- Date : 14/01/2020
- Read: 4 mins
- Read in : English
There is a strong correlation among asset classes in the investment universe. We explore how the movement of interest rates can affect your mutual fund investment portfolio.
Interest rates impact all aspects of an economy. Multiple variables such as fiscal policies introduced by the government, monetary policies designed by the Reserve Bank of India (RBI), cost of borrowing for other banks (repurchase rate/ repo rate), inflation, currency fluctuations, credit risk (both sovereign and business) influence the rate of interest. Geo-political factors like global trade, oil prices etc, also contribute towards the fluctuations in the interest rate.
Everything we buy or consume also factors the cost of borrowing, and financial products are no different. However, changes in the interest rates have a visible and real impact on an investment portfolio – irrespective of the portfolio being inclined towards equity or debt.
Government and businesses raise capital (issue bonds) by borrowing from fixed-income markets. These bonds are issued in the primary market and are not open for retail or individual investors. However, mutual funds can purchase these bonds and retail investors can gain exposure to such investment tools through mutual funds (secondary market).
Valuation of bonds are dependent on three factors: the quality of the instrument (rating), the interest rate and tenure.
While the Net Asset Value (NAV) of debt, money market and liquid funds is driven solely by the valuation, equity funds may have to hold a certain amount in cash/ cash equivalents, or are mandated as per investment objective to limit exposure to equity. This too, has an effect on the rate of interest.
Here’s how changing interest rates affects investor.
From an investment perspective, the changes in bond prices and yield have an inverse correlation. When the interest rates rise, the bond price dips to balance out the return. Fresh investment in a (cheaper) bond would offer higher yields. Conversely, when interest rates drop, the prices of bonds increase to match the prevailing rate of return in the economic system.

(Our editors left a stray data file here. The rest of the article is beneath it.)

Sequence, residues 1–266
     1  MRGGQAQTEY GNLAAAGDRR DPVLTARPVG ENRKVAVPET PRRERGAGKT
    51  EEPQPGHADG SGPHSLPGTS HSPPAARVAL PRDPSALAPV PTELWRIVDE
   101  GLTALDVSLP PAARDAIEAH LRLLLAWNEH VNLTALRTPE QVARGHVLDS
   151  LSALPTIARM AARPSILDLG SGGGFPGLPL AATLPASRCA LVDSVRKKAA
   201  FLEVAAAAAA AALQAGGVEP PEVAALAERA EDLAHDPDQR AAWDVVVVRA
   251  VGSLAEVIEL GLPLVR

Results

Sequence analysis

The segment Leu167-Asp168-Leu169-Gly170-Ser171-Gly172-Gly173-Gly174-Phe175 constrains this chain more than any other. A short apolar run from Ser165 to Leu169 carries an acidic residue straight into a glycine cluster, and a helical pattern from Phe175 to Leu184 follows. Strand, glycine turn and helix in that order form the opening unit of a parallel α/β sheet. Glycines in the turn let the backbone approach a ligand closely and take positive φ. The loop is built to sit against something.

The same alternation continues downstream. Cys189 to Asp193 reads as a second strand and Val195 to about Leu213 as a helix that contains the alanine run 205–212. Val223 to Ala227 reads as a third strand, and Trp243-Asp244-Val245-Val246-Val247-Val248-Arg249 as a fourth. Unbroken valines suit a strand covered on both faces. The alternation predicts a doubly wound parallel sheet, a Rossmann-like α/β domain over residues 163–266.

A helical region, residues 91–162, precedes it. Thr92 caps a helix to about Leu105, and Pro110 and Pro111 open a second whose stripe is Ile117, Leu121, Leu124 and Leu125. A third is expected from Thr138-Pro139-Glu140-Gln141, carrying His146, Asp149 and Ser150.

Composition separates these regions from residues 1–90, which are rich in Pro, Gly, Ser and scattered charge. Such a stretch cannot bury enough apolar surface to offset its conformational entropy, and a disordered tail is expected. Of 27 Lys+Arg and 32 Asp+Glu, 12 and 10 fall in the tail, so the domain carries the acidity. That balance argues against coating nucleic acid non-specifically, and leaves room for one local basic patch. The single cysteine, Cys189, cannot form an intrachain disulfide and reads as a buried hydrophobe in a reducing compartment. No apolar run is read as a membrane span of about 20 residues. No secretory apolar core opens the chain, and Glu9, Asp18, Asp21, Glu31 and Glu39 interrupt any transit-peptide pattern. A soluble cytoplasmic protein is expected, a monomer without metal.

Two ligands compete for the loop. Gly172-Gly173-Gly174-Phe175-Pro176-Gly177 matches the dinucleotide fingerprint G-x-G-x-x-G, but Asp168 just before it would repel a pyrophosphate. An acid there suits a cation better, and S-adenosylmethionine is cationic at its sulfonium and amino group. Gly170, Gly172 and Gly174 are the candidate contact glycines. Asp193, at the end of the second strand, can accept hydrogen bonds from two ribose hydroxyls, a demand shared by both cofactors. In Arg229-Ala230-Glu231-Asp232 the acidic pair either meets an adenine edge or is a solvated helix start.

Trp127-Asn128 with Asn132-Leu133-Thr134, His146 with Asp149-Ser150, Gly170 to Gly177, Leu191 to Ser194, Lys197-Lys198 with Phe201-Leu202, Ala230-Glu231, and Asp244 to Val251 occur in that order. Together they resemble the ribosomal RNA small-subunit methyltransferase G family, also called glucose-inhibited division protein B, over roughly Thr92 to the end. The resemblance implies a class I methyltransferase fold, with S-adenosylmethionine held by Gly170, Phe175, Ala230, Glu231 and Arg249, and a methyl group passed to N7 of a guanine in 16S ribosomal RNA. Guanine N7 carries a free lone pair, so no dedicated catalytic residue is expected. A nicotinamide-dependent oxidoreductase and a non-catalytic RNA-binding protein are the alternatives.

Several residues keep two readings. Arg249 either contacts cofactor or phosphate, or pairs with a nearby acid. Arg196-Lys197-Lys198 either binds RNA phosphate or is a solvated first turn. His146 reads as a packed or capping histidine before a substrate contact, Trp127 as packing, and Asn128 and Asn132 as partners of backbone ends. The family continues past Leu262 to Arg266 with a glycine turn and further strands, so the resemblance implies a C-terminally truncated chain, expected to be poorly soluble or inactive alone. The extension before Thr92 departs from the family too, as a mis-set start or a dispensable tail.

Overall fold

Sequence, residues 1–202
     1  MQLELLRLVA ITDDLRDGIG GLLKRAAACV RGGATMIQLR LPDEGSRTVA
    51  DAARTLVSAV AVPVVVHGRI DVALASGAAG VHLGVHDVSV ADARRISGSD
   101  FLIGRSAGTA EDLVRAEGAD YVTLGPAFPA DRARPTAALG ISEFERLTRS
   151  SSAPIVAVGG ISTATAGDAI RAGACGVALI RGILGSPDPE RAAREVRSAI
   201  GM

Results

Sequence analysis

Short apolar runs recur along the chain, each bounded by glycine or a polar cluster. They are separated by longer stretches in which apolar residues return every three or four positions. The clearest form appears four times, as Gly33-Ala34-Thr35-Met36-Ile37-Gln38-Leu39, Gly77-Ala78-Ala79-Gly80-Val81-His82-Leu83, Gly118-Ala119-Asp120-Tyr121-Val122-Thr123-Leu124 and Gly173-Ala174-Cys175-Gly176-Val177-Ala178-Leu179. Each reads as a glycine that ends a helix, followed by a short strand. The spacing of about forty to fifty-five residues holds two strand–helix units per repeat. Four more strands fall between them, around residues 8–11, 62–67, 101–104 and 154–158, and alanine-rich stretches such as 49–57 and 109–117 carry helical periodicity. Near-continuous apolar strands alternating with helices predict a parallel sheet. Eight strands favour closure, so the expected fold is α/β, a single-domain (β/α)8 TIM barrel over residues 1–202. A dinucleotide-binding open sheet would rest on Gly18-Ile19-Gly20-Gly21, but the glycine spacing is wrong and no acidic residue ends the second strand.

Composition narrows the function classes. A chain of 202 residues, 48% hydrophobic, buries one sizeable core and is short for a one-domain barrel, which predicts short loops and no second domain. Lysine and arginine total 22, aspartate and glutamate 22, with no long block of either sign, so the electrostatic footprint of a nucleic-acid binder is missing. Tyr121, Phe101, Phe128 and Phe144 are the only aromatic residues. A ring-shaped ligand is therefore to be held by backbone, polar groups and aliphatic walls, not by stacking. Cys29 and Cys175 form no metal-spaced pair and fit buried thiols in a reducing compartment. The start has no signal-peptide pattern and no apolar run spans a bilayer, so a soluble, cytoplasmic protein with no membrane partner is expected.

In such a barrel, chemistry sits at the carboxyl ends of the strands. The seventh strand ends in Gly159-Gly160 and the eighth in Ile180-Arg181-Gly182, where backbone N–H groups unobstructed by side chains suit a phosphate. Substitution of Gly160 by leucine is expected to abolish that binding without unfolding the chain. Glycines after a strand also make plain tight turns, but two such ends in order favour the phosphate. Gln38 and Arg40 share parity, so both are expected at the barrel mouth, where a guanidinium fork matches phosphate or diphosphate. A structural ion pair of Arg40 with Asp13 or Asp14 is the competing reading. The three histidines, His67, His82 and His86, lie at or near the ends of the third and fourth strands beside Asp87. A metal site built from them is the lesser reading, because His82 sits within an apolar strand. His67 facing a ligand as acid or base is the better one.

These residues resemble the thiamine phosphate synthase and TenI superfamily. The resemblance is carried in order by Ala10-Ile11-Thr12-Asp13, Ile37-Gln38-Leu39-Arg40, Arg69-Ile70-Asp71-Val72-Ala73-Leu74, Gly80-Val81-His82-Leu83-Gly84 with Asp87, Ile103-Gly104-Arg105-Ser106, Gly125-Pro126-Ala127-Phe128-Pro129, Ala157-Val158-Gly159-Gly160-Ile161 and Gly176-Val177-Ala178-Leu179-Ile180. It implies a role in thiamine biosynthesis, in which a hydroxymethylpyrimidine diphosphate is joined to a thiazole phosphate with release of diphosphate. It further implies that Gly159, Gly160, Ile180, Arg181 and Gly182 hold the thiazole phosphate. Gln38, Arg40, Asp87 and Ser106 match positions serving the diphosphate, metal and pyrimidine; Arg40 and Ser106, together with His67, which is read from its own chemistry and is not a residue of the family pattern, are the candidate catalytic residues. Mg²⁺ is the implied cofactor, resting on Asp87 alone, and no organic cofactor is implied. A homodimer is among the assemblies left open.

Bond prices and interest rates change in a mathematical and relatively predictable manner and this correlation is visible in the NAV of debt funds.
Over the period, medium and long-term interest rates need to be stable to maintain investor confidence. Every now and then the RBI may intervene to control liquidity (cash in the system), reduce currency volatility, etc. Such interventions can have a positive or negative impact on interest rates.
For short-term debt investments such as money market/liquid funds, arbitrage funds and Fixed Maturity Plans (FMP) higher interest rates may mean a better yield. As the tenure is shorter (usually from one day to one year) the exposure to risk is too limited.
Investors with a relatively larger risk appetite may look at medium-term investments (three to five years) as they would provide relatively handsome returns at lower risk levels as compared to equity-based investments.
However, risk-averse investors may seek to invest in instruments with a sovereign guarantee (such as Rural Electrification bonds, Indian Railway Finance Corporation, etc.) which would drain out some investments from the debt fund universe resulting in a drop in corporate bond prices, consequently resulting in a dip in mutual fund NAVs.
On the other hand, if interest rates are too low the real rate of return (post-inflation) would be negligible and investors would seek out better investment avenues.
Equity valuations too have an inverse correlation with interest rates. With a rise in the interest rates, majority of the risk-averse investors would naturally redirect their capital to a relatively risk-free, fixed return asset class. This has a direct impact on the growth of the stock indices and mutual funds. The mid and small-cap funds get hit the worst.
At the same time, rising interest rate translates to higher cost of borrowing for corporations. This cost is obviously passed on to the consumer, inhibiting the Indian consumers’ willingness to spend and slowing the economy down.
Conversely, if the economy is slowing down, the RBI may reduce repo rate, which will reflect in reduced marginal cost of funds (MCLR) from commercial banks and financial institutions, to fuel growth by reducing cost of borrowing for corporations. It is also done to increase consumer spending, potentially helping businesses post better profits and increase future potential of earning, which directly helps stock prices, hence better returns on Equity funds.
Balancing the interest rate and liquidity is a constant tight-rope walk for the RBI. Changing interest rates have a clear impact on portfolio yield of both debt and equity funds. Investors need to assess the investment tool based on their own investment horizon and risk appetite. The idea should be to create a diverse portfolio that balances the asset allocation based on risk and return.